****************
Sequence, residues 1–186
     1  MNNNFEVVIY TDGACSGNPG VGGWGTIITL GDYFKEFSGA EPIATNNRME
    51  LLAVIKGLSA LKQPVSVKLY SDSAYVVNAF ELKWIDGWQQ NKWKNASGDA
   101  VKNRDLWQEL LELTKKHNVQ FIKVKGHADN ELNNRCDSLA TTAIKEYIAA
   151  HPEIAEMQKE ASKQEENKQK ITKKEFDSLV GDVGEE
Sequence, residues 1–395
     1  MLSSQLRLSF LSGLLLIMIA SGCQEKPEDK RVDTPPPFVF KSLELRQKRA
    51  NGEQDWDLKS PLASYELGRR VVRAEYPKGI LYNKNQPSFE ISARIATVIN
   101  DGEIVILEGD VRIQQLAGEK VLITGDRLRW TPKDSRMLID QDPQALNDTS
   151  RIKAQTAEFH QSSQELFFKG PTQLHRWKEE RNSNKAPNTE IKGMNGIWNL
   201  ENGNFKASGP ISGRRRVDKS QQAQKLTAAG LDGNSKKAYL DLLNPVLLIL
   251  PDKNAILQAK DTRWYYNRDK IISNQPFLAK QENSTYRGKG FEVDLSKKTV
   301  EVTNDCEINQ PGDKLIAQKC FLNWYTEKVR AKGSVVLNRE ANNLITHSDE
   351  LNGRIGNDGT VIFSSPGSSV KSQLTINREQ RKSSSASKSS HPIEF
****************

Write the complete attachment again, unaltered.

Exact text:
Sequence, residues 1–186
     1  MNNNFEVVIY TDGACSGNPG VGGWGTIITL GDYFKEFSGA EPIATNNRME
    51  LLAVIKGLSA LKQPVSVKLY SDSAYVVNAF ELKWIDGWQQ NKWKNASGDA
   101  VKNRDLWQEL LELTKKHNVQ FIKVKGHADN ELNNRCDSLA TTAIKEYIAA
   151  HPEIAEMQKE ASKQEENKQK ITKKEFDSLV GDVGEE
Sequence, residues 1–395
     1  MLSSQLRLSF LSGLLLIMIA SGCQEKPEDK RVDTPPPFVF KSLELRQKRA
    51  NGEQDWDLKS PLASYELGRR VVRAEYPKGI LYNKNQPSFE ISARIATVIN
   101  DGEIVILEGD VRIQQLAGEK VLITGDRLRW TPKDSRMLID QDPQALNDTS
   151  RIKAQTAEFH QSSQELFFKG PTQLHRWKEE RNSNKAPNTE IKGMNGIWNL
   201  ENGNFKASGP ISGRRRVDKS QQAQKLTAAG LDGNSKKAYL DLLNPVLLIL
   251  PDKNAILQAK DTRWYYNRDK IISNQPFLAK QENSTYRGKG FEVDLSKKTV
   301  EVTNDCEINQ PGDKLIAQKC FLNWYTEKVR AKGSVVLNRE ANNLITHSDE
   351  LNGRIGNDGT VIFSSPGSSV KSQLTINREQ RKSSSASKSS HPIEF